Sorry, I should have mentioned this. It's the opposite side of the road, Lefevres is behind the camera. The big grey building at the top of Green Street was the Technical College.
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Merv

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Re: Les Folies Lefevres
« Reply #15 on: February 20, 2010, 20:48:42 »
The 1930's shot doesn't look to be the same building and am suprised to see the Post Office there too.
And the Electric board come to that.

Offline peterchall

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Re: Les Folies Lefevres
« Reply #14 on: February 20, 2010, 11:53:12 »
A step back in time - early 1930s
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Offline peterchall

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Re: Les Folies Lefevres
« Reply #13 on: February 19, 2010, 22:22:45 »
Wrong again :)
Mrs P has just looked over my shoulder at the previous posts and said the shop outings were on Wednesdays. They closed the shop for the morning on one day a year. What with that and the half-day off for Christmas shopping (Reply#7) it's a wonder they made any profit :)
Seriously, my wife says it was a good firm to work for, and I must say that I never heard her complain.
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Offline peterchall

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Re: Les Folies Lefevres
« Reply #12 on: February 19, 2010, 21:56:26 »
It might have been a sunday outing, like when Pilchards were about.

Could have been a Wednesday afternoon - early closing, but I agree most probably a Sunday. Coaches were definitely M&D.
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Merv

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Re: Les Folies Lefevres
« Reply #11 on: February 19, 2010, 21:05:30 »
It might have been a sunday outing, like when Pilchards were about.

Offline peterchall

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Re: Les Folies Lefevres
« Reply #10 on: February 19, 2010, 12:03:47 »
Thanks again Merv. How do you do it, or is it a trade secret? :)
It says something about the amount of traffic in those days that the road could be blocked while the photo was taken.

The good old days in shops! Every town had an early closing day, Wednesday for most places, when all shops closed, except for small corner shop types.  I'm not sure if this was legally required or not, but the result was that shop staff had great difficulty in shopping for themselves.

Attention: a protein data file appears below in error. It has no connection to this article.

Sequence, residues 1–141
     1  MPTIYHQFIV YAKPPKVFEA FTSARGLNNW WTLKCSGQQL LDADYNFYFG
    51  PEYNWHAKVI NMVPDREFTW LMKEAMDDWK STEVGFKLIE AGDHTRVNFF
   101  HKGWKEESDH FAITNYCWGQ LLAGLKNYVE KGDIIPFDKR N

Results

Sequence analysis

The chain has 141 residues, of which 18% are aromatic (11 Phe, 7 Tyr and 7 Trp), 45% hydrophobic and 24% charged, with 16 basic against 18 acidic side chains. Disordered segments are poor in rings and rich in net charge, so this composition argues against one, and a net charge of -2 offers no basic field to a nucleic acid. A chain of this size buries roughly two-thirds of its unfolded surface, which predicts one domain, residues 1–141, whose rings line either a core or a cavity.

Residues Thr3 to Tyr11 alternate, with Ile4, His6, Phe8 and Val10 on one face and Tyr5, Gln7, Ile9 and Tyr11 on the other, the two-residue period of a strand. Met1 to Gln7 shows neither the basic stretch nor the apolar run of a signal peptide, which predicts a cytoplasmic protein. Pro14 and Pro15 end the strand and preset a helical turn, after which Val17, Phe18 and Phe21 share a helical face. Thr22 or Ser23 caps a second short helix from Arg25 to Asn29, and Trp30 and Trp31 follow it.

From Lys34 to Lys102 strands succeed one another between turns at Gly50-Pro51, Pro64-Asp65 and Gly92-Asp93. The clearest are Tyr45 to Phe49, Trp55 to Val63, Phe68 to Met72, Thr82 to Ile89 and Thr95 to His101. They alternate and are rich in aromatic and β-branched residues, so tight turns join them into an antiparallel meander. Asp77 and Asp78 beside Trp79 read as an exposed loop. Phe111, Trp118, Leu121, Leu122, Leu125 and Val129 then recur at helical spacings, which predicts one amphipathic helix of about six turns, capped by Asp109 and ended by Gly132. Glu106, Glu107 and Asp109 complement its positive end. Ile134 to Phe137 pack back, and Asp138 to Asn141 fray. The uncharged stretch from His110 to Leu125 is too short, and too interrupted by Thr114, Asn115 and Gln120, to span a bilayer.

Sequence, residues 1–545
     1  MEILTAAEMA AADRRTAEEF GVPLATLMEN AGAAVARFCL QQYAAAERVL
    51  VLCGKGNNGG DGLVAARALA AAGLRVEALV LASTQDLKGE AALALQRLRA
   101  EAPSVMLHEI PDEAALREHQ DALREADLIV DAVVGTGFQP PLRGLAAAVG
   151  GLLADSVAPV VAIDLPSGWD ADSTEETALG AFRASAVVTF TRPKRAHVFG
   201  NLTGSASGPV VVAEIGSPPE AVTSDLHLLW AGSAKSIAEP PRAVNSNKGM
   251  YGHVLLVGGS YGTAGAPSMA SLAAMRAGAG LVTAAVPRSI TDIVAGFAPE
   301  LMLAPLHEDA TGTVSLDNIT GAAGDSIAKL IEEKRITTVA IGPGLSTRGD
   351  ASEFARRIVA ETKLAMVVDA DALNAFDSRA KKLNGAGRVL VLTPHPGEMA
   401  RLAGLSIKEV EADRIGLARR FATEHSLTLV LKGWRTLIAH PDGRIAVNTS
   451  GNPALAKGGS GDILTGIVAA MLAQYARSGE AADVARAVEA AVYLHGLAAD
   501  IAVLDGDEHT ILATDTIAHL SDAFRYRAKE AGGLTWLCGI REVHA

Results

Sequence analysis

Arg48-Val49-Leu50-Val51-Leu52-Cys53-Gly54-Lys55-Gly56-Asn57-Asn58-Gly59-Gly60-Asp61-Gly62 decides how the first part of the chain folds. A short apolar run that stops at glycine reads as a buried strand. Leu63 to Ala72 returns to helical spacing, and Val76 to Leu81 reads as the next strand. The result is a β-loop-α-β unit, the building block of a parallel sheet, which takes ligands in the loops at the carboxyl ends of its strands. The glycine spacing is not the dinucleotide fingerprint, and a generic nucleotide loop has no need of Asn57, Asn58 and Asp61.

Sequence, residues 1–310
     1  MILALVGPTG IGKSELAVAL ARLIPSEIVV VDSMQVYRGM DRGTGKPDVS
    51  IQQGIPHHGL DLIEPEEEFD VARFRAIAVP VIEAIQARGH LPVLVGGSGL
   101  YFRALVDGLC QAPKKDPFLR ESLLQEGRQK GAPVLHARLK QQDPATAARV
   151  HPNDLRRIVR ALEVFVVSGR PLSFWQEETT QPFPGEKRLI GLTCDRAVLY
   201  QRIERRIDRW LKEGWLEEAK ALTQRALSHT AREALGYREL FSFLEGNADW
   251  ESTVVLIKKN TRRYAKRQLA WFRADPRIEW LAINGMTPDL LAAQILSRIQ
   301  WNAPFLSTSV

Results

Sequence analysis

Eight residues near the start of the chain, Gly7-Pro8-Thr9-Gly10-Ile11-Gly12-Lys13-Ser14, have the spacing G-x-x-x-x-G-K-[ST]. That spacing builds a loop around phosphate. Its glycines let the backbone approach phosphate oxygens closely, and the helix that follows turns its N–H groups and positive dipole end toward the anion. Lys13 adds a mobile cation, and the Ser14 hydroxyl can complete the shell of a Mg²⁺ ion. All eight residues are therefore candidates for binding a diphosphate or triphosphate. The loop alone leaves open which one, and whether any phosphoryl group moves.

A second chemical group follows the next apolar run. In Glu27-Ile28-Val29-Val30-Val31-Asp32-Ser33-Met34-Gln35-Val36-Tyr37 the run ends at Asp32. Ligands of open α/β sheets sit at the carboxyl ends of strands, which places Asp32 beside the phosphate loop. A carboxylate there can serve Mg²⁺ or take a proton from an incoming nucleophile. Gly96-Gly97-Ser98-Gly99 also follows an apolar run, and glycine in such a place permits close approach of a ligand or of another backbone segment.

Early closing days in 1951 for all places within Maidstone & District bus area was Wednesday except for:
   Brighton:    Wednesday & Saturday
   Canterbury:   Thursday
   Faversham:   Thursday
   Rye:      Tuesday
It's no use getting old if you don't get artful

Merv

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Re: Les Folies Lefevres
« Reply #9 on: February 19, 2010, 00:53:31 »
Pete,
I have reworked(coloured) this one for you, and it was a Pig....( :))
Could have been yesterday heh?

Wasn't it good when you could tell who the woman were. :)

Offline peterchall

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Re: Les Folies Lefevres
« Reply #8 on: November 30, 2009, 21:51:24 »
Thanks seafordpete, that answers when Debenhams took over.

The good old days in shops! Every town had an early closing day, Wednesday for most places, when all shops closed, except for small corner shop types.  I'm not sure if this was legally required or not, but the result was that shop staff had great difficulty in shopping for themselves.

I don't know if it was common elsewhere, but Lefevres allowed their staff a whole half-day off for Christmas shopping! My wife can't remember if it was paid, but probably not.

Since then, of course, there has been a progressive change - abolition of half-day closing, introduction of late opening and Sunday opening, and bank holiday opening. How long will it be before shops are open on Christmas Day?

I'm not saying if this is good or bad (I've got a daughter in the retail trade, and I'm sure she'll tell me if she reads this!), but at least shop staff can now do their own shopping.

However, with the inevitable shift work, where some staff probably never meet each other, I wonder if they could ever find the common bond to produce something like the 'Folies'. As my wife says, it was hard work but it was fun, and we're sure it made a happy staff who worked all the better for it.
It's no use getting old if you don't get artful